Image: Building More Stately Mansions. By Jacob Lawrence. 1944. Oil on Canvas, Fisk University Libraries, Nashville TN.
First, a few housekeeping details:
- Remember that this class doesn’t use Blackboard. Check the course website every week for updates and detailed reading instructions which will appear on this page
- Get a copy of the two required course book if you haven’t done so already. You will need it to do the reading assignments for the rest of the semester. The bookstore claims to now have rental copies in stock: check with them.
- There’s a class WhatsApp group that is helpful–or so I’m told since I’m not on it. Anyhow, check it out if you haven’t yet.
- I’ll be post a PDF file of chapter 4 on the Readings page for those still waiting for the book: look for it Saturday
On the weekly Zoom sessions:
- The sessions are being recorded. Audio on the Zoom lectures page.
Still figuring out the best way to post them. Stay tuned.
- Sign-up info for weekly Zoom sessions is on the Zoom meet info page. I recommend saving the meeting ID and password in your calendar or elsewhere to easily join
Quick highlights from fourth class on 2/24
- Website review
- Zoom wait room music: Gary Bartz and Ntu Troop’s “I’ve Known Rivers“
- Musical selection: Randy Weston’s “African Cookbook.”
- Reviewed Chapter 3 from Introduction to Black Studies
- See the Lecture Notes page for a PDF of the slide deck presented in class
- UPDATE: Zoom audio now posted on the Zoom lectures page. (Same password as everything else on the site.)
What to do for Week 5–March 3:
- Read: the first half of Chapter 4 (Africans in America) in Maulana Karenga’s Introduction to Black Studies (Sections 4.1-4.9 only; pages 105-147: PDF on the Readings page
- Pay special attention to the subsections on The Holocaust of Enslavement, System of Enslavement, Reconstruction, Booker T. Washington, WEB DuBois, Marcus Garvey, Ida B. Wells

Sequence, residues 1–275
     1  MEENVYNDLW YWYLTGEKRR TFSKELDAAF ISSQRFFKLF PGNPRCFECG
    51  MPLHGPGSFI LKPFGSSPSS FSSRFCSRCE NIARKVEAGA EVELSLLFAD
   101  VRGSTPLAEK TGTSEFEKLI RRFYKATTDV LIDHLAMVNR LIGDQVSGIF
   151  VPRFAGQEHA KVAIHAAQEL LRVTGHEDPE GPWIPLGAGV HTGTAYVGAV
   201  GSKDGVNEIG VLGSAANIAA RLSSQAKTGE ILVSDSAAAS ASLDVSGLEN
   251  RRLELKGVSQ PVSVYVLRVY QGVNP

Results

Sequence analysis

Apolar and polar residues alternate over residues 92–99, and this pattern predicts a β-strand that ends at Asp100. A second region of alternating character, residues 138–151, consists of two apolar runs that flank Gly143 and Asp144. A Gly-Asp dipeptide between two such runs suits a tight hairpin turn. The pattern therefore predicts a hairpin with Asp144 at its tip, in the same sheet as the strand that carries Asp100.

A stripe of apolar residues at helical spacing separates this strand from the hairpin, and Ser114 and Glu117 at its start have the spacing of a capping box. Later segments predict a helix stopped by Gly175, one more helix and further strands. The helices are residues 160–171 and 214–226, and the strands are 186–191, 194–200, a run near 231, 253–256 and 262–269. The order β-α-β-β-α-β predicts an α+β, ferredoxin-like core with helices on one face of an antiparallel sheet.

- Pay special attention to Critical Thinking questions 1 and 3 on p. 185, especially the comparisons between the people named above
- More focused questions TBA
- Read “African American Historians and the Reclaiming of African History” by Dr. John Henrik Clarke (PDF on the Readings page)
RESPOND to one idea in the chapter and DISCUSS it with classmates and myself with the comment board at the bottom of this post
ATTEND the weekly Zoom session @ 6 PM EST on Wednesday March 3
General reading strategies:
- Underline/highlight key points in the text
- Use the reading questions at the back of chapters to focus you: read those first
- Try to understand the definitions of the key concepts listed at the back of the chapter
- Make a note to ask the instructor to clarify anything you don’t understand
- Note key issues, approaches, and dilemmas/challenges Dr. Karenga outlines
- How do Drs. Clarke and Karenga think we should approach history?
- How does the defeat of Reconstruction shape the lives of Black people in the US?
- What forms of resistance do Black people in the US enngage in?
- What organizations do Black people form for advancement and resistance?
- What differences and similarities do you see between DuBois, Washington, Garvey, and Wells-Barnett?
Chapter 4, second half in Introduction to Black Studies: “Black History: Africans in America”
Comments on posts:
Scroll all the way to the bottom of the post for the “Leave a Comment” button below. Here’s how it works: you can use this to discuss points raised here. A few points:
- Your first comment will have to be approved by me: after that, you can comment without approval
- Comments section will only be open to enrolled students
- You have to leave your name (enter as first name and last initial only) so a) I can make sure only people in the class are commenting and b) you get credit for the comment
- Remember to be respectful, especially when responding to classmates
- The comments section closes 14 days after a post goes live
To ‘participate’ in the class, I’d like to see everyone 1) post a substantive comment of their own based on either the reading or my lecture using some of the questions raised or conversation prompts, and 2) to respond thoughtfully to someone else’s comment—not just agree/disagree, but add on evidence or ask a follow-up question. You can also ask a question–for me or others–but that doesn’t count toward your comment and reply needed for the grade. It’s fine with me if conversation continues in a thread as long as it does, but two responses showing a clear engagement with the reading will count for being ‘present.’ Does that make sense? You have two weeks to write those two comments for credit.